have mentioned Steven Saylor and my fondness for stories of ancient Rome before; I also have a penchant for book series, especially longer series that move forward in time with character (as in the Sharpe novels by Ber Cornwell). This latest offering from Saylor fed both those Joneses.
As usual, Saylor's keen depiction of detail and historical authenticity carry the book. To read a Saylor novel is to immerse yourself in an ancient time that is at once strange and familiar; the author has a way of filtering the sometimes brutal sensibilities of the times through sympathetic characters, making them more understandable and a little more palatable to our modern tastes.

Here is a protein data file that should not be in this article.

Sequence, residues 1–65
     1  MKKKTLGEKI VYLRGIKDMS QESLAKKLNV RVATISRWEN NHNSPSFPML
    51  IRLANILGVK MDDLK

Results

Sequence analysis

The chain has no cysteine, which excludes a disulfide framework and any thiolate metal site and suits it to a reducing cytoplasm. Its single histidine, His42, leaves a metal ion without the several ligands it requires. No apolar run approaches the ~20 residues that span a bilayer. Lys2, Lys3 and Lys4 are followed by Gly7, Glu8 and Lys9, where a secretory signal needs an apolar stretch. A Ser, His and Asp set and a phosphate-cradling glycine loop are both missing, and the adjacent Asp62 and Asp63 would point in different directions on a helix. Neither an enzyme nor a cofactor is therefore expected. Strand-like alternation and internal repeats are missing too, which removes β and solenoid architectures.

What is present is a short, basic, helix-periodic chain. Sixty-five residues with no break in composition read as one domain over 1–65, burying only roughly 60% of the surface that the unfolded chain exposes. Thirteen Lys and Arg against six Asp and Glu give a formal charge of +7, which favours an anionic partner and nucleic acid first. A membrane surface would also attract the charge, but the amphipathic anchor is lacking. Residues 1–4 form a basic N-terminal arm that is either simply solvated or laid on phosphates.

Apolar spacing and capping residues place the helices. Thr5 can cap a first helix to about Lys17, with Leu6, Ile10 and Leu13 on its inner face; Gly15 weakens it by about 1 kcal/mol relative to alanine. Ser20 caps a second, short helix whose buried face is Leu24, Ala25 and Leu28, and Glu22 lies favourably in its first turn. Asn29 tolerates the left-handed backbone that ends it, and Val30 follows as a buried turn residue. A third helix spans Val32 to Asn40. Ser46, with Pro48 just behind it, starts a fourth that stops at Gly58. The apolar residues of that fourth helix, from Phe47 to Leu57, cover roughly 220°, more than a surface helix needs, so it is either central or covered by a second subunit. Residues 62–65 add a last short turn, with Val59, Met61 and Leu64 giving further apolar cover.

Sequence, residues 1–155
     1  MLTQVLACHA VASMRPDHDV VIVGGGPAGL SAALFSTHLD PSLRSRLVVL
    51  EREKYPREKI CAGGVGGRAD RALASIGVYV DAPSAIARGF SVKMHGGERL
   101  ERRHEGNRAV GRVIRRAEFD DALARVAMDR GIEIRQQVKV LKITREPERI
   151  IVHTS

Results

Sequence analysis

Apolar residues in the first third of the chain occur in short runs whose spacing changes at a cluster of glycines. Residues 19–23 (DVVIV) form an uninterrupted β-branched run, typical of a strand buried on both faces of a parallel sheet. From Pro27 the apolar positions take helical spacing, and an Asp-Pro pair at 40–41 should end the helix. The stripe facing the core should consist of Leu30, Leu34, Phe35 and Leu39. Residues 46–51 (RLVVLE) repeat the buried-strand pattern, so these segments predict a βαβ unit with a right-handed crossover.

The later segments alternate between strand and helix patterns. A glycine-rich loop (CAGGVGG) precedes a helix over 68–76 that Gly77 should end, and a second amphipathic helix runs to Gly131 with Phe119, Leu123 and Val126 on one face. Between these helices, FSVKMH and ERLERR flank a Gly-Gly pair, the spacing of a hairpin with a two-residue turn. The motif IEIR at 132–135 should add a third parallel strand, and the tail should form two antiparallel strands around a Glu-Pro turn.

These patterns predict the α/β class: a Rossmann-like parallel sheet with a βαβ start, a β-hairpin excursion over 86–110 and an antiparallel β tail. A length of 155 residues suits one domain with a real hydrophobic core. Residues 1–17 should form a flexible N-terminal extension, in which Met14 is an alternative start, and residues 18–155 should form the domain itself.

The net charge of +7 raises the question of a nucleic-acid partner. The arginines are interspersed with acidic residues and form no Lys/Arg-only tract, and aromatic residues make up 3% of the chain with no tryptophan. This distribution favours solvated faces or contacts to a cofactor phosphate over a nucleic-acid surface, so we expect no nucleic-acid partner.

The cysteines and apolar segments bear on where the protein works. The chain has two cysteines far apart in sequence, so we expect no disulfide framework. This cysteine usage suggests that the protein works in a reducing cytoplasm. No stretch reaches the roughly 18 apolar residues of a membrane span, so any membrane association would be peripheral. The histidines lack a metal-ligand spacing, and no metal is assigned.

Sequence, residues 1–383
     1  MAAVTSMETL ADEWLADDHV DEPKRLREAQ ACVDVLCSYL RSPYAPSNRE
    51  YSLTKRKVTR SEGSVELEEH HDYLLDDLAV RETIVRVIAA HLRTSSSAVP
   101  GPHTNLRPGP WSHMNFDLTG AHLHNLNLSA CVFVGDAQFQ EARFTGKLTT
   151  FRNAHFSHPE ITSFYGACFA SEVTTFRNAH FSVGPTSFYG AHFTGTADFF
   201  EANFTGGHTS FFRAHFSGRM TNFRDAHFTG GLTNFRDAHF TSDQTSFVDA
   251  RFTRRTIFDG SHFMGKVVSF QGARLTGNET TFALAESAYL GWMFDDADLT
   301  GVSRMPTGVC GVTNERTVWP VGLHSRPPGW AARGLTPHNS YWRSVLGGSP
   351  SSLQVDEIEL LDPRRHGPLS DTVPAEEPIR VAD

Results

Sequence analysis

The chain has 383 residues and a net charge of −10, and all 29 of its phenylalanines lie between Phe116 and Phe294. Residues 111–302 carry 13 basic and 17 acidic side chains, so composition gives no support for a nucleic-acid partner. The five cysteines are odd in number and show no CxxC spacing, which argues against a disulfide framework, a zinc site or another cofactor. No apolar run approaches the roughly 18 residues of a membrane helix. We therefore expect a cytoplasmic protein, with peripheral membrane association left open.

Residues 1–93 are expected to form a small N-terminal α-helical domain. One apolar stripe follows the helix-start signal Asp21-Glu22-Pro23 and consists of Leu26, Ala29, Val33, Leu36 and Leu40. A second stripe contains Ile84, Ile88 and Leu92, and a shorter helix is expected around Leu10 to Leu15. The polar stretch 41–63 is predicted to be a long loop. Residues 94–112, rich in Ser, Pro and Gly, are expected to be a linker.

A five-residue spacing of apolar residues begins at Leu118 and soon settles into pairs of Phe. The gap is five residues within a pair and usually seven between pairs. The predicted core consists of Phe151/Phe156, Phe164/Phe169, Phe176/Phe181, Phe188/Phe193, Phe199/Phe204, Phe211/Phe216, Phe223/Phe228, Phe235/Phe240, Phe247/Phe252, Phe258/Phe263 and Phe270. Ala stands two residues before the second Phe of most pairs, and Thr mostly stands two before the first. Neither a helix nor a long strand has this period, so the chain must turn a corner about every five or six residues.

Plot is usually Saylor's downfall; his mysteries aren't always "play fair" and he often relies on coincidence to get Gordianus out of a tight spot - or has the hero come to the wrong conclusion, but things work out alright anyway. The young Finder seems to have a bit more agency and initiative, and most of his successes come from his own efforts. The characters are pretty much stock Saylor - interesting, but a bit flat. Like Harry Turtledove, Saylor seems to have a limited repertory company at his disposal, and the same types seem to pop up repeatedly.
Overall, the book spins a good yarn, with camel chases and secret hideouts and crocodiles and plucky boys and scheming chamberlains: all the things you might want in Ptolemaic Egyptian intrigue.